- Publishers produce data and receive payment based on the interest in the data they provide.
- Subscribers buy data from Publishers and receive it by connecting to the Brokers.
- Brokers relay data from Publishers to Subscribers, receive rewards based on the amount of data they relayed to the Subscribers, and account for the data usage.
- Observers verify whether the accounting information provided by Brokers is correct.
Figure: Token flow and data flow
Subscribers are the sole token contributors to the whole system since they represent the demand. They are paying directly and indirectly to other actors on both the Data Layer as well as the App Chain.
Since Publishers, Brokers, and Observers are providing their services on the Data Layer, we often refer to them together as the service providers.
The service providers on the Data Layer, such as Publishers, Brokers, and Observers, are required to credit or, essentially, lock some tokens to the services they provide. This mechanism is similar to that of staking or delegation for the Validators. This locking of tokens has several functions:
- They show the intent to deliver what’s being promised.
- They act as a security measure and can be slashed when actors are proven guilty of misconduct.
- In some cases, they can show the value of the service.
The tokens delegated to the chain security cannot be at the same time credited on the Data Layer.
The credit sizes are fixed parameters that can be changed through on-chain governance.
In the long term, the sole source of income for service providers is the payments for data from Subscribers. In the early stages, crediting profile for providing a service on the chain earns subsidies for Brokers and Observers. Whereas, Publishers are encouraged to ask subsidies from the community pool.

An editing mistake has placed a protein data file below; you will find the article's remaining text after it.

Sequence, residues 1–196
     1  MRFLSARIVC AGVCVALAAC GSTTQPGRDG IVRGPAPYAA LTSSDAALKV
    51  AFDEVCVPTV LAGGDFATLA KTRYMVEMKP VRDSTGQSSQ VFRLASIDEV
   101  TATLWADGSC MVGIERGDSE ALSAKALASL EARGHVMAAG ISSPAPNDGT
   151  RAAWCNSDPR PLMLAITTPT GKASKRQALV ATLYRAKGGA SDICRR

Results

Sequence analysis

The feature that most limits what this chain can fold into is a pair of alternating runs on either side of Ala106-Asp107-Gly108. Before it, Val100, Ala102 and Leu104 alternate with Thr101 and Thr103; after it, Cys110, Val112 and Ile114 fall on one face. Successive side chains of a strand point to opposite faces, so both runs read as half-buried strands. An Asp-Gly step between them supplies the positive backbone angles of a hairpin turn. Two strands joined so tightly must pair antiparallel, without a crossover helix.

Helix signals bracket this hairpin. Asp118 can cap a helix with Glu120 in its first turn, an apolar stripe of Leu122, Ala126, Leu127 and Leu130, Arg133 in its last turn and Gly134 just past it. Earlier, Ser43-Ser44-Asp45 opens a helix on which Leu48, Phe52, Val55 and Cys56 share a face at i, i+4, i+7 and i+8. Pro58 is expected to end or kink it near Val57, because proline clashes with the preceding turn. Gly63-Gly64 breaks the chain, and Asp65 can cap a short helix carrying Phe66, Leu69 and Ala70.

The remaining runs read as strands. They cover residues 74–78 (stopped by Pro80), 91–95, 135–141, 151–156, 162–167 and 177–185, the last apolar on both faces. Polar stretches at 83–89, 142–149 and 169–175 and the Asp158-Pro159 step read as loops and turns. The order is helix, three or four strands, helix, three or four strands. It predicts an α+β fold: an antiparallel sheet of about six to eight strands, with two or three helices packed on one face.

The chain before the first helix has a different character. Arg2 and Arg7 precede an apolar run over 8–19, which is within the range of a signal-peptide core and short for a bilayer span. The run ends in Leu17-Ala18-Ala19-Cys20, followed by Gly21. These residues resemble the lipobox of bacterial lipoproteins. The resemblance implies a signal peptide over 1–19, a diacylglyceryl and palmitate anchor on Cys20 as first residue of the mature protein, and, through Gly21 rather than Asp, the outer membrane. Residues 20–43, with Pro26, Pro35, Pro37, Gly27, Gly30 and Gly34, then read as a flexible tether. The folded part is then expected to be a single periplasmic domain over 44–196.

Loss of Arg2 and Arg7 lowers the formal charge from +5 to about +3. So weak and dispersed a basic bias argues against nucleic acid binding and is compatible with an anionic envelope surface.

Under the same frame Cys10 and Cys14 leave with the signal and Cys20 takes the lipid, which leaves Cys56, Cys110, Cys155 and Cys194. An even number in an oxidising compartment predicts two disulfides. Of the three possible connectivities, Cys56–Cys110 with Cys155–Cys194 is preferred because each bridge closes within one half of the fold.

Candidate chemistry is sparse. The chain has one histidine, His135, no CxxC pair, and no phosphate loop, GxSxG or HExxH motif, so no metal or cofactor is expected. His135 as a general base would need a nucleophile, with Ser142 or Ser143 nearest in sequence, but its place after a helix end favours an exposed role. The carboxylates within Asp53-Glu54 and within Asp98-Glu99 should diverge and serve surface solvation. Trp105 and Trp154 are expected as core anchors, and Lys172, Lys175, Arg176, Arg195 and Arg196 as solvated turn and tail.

Earned tokens can be reinvested back into the system:
- Publishers can create more subjects and push more data only by crediting more.
- Brokers have to maintain the continuous crediting requirement.
- All actors can delegate their tokens to Validators increasing their returns as well as engaging in governance.
Some of these credit-based requirements might only be present in the improved version of tokenomics and are not included in v1
Alternatively, tokens can be exchanged into fiat currency to cover nodes’ operating costs.
Figure: All the token flows
Tokens locked by the service providers are managed via on-chain logic. Therefore, if valid cryptographic proof of misconduct is submitted on-chain, the penalties will be imposed by slashing the credits of the actors that were proven to have acted maliciously.
For example, it takes a single honest Observer to provide such proof, and then the Broker who cheated and all the dishonest Observers who were in collusion with this Broker and approved that malicious behavior, are also penalized.
Within a decentralized protocol, there’s no single authority, which can keep every actor in check. Thus, the following control relations are defined in the Syntropy tokenomics v1:
- The work of Publishers is monitored by Subscribers. If the Subscriber is not satisfied with the performance of the Publisher, it can stop using the service.
- The work of Brokers is monitored by Subscribers. If the Subscriber is not satisfied with the performance of the Broker, he can stop using the service. Additionally, if the Subscriber detects a provable payment misconduct then the Subscriber may enforce a penalization on the Broker.
- The payments of Subscribers are monitored by Brokers. If the payment is not made then the service is stopped.
- The work and payment requests of Brokers are monitored by Observers. Any provable misconduct of Brokers detected by Observers is penalized.
- The work of Observers is monitored by Observers themselves. Any provable misconduct of Observers detected by Observers is penalized.
- The work of Observers can indirectly be monitored by a Subscriber, where the Subscriber detects payment misconduct made by the Broker and not detected by the Observer (considered as a feature in the future tokenomics versions).
Figure: Control relations